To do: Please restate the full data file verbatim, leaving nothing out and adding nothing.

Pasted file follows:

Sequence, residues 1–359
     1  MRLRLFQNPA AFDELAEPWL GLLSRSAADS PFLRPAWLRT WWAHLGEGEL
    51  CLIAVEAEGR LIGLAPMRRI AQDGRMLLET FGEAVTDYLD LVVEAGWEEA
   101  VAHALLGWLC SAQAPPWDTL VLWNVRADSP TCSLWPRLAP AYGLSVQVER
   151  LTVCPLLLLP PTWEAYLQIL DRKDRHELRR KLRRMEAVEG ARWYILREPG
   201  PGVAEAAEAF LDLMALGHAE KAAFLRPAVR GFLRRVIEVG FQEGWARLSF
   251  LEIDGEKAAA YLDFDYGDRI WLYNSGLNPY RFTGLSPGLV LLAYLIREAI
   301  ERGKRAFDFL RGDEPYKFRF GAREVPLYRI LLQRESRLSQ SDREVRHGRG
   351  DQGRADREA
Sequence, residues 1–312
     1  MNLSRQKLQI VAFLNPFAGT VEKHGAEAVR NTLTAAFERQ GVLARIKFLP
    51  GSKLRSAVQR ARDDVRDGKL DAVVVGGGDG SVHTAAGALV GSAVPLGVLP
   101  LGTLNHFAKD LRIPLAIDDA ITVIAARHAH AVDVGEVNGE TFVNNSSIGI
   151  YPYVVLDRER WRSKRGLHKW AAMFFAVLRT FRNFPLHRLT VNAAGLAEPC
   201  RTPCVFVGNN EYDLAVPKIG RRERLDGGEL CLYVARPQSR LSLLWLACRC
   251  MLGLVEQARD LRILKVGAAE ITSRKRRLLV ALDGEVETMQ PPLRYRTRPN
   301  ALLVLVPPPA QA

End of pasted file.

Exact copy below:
Sequence, residues 1–359
     1  MRLRLFQNPA AFDELAEPWL GLLSRSAADS PFLRPAWLRT WWAHLGEGEL
    51  CLIAVEAEGR LIGLAPMRRI AQDGRMLLET FGEAVTDYLD LVVEAGWEEA
   101  VAHALLGWLC SAQAPPWDTL VLWNVRADSP TCSLWPRLAP AYGLSVQVER
   151  LTVCPLLLLP PTWEAYLQIL DRKDRHELRR KLRRMEAVEG ARWYILREPG
   201  PGVAEAAEAF LDLMALGHAE KAAFLRPAVR GFLRRVIEVG FQEGWARLSF
   251  LEIDGEKAAA YLDFDYGDRI WLYNSGLNPY RFTGLSPGLV LLAYLIREAI
   301  ERGKRAFDFL RGDEPYKFRF GAREVPLYRI LLQRESRLSQ SDREVRHGRG
   351  DQGRADREA
Sequence, residues 1–312
     1  MNLSRQKLQI VAFLNPFAGT VEKHGAEAVR NTLTAAFERQ GVLARIKFLP
    51  GSKLRSAVQR ARDDVRDGKL DAVVVGGGDG SVHTAAGALV GSAVPLGVLP
   101  LGTLNHFAKD LRIPLAIDDA ITVIAARHAH AVDVGEVNGE TFVNNSSIGI
   151  YPYVVLDRER WRSKRGLHKW AAMFFAVLRT FRNFPLHRLT VNAAGLAEPC
   201  RTPCVFVGNN EYDLAVPKIG RRERLDGGEL CLYVARPQSR LSLLWLACRC
   251  MLGLVEQARD LRILKVGAAE ITSRKRRLLV ALDGEVETMQ PPLRYRTRPN
   301  ALLVLVPPPA QA